You apply a hash function to the key. That's it? Yeah, that's the whole deal of consistent hashing. It's in the name, isn't it?

The same key will always return the same hash code (hopefully), so once you've figured out how you spread out a range of keys across the nodes available, you can always find the right node by looking at the hash code for a key.

It's pretty ingenious, if you ask me. It was cooked up in the lab chambers at Akamai, back in the late nineties. You should go and read the original paper right after we're done here.

Consistent hashing solves the problem people desperately tried to apply sharding to pretty nicely and elegantly. I'm not going to bore you with the details on how exactly consistent hashing works. Mike Perham does a pretty good job at that already, and there are many more blog posts explaining implementations and theory behind it. Also, that little upcoming book of mine has a full-length explanation too. Here's a graphic showing the basic idea of consistent hashing, courtesy of Basho.

Consistent Hashing

Instead I want to look at the practical implications of consistent hashing in distributed databases and cache farms.

Easier to Avoid Hotspots

When you put data on nodes based on a random result, which is what the hash function calculates, a value that's a lot more random than the key it's based on, it's easier to avoid hotspots. Why?

Assume a key based on an increasing value, or a simple range of keys, based on the hour of the day, like 2011-12-11-13. You add new hours and therefore new data as time passes, and keys are stored based on the range they fall in. For example, the keys 2011-12-11-18 until 2011-12-11-23 are stored on the same node, with the rest of the keys stored on other nodes, just because the ranges or the partitioning scheme happen to be set up this way.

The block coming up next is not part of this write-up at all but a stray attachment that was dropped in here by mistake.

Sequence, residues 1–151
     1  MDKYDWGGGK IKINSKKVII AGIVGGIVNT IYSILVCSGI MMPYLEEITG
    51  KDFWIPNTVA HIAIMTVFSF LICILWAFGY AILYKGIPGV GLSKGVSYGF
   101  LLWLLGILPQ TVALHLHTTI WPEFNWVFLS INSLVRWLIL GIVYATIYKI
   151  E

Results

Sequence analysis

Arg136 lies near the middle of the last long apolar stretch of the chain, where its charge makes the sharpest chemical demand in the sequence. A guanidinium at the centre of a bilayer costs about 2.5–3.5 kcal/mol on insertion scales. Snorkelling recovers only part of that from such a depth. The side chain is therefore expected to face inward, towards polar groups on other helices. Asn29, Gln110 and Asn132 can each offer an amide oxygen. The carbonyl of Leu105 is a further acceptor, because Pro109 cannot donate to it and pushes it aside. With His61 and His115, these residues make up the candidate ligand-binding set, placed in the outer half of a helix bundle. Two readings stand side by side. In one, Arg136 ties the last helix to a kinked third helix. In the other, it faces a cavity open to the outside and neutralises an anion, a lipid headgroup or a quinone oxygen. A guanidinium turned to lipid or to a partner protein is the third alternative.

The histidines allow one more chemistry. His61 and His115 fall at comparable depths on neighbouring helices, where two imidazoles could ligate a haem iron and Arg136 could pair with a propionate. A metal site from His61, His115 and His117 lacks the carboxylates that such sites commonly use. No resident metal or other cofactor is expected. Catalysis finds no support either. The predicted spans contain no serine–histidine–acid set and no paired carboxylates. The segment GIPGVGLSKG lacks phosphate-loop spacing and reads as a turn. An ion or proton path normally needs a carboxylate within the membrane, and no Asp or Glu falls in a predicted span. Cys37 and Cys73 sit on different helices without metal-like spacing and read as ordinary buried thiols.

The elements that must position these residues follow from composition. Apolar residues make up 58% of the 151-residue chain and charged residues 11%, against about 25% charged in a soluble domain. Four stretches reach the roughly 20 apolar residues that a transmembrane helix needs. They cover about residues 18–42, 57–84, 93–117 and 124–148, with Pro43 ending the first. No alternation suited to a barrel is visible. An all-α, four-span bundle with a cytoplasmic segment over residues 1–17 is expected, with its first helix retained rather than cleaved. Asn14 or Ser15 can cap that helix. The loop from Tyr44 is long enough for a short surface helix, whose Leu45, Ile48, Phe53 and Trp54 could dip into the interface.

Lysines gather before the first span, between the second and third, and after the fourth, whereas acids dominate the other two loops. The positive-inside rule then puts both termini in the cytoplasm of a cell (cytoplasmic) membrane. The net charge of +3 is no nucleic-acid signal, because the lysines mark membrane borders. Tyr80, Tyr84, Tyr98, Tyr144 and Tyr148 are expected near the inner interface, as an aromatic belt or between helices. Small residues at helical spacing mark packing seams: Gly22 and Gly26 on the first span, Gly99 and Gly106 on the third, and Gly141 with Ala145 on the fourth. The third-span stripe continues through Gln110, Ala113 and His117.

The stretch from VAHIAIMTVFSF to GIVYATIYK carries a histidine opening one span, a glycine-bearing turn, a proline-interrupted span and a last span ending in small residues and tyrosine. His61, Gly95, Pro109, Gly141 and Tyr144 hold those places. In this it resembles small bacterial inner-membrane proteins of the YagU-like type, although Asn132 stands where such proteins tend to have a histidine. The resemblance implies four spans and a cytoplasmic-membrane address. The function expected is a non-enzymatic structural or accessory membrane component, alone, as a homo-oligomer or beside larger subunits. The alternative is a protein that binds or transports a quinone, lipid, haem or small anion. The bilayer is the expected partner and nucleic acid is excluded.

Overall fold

For a consumer-facing site, the evening hours are usually the busiest time of the day. They create more data, more writes, and possibly more reads too. For the hours between 18:00 and 23:00, all the load goes to the single node that carries all the relevant data.

But when you determine the location in the cluster based solely on the hash of the key, chances are much higher that two keys lexicographically close to each other end up on different nodes. Thus, the load is shared more evenly. The disadvantage is that you lose the order of keys.

There are partitioning schemes that can work around this, even with a range-based key location. HBase (and Google's BigTable, for that matter) stores ranges of data in separate tablets. As tablets grow beyond their maximum size, they're split up and the remaining parts re-distributed. The advantage of this is that the original range is kept, even as you scale up.

Consistent Hashing Enables Partitioning

When you have a consistent hash, everything looks like a partition. The idea is simple. Consistent hashing forms a keyspace, which is also called continuum, as presented in the illustration. As a node joins the cluster, it picks a random number, and that number determines the data it's going to be responsible for. Everything between this number and one that's next in the ring and that has been picked by a different node previously, is now belong to this node. The resulting partition could be of any size theoretically. It could be a tiny slice, or a large one.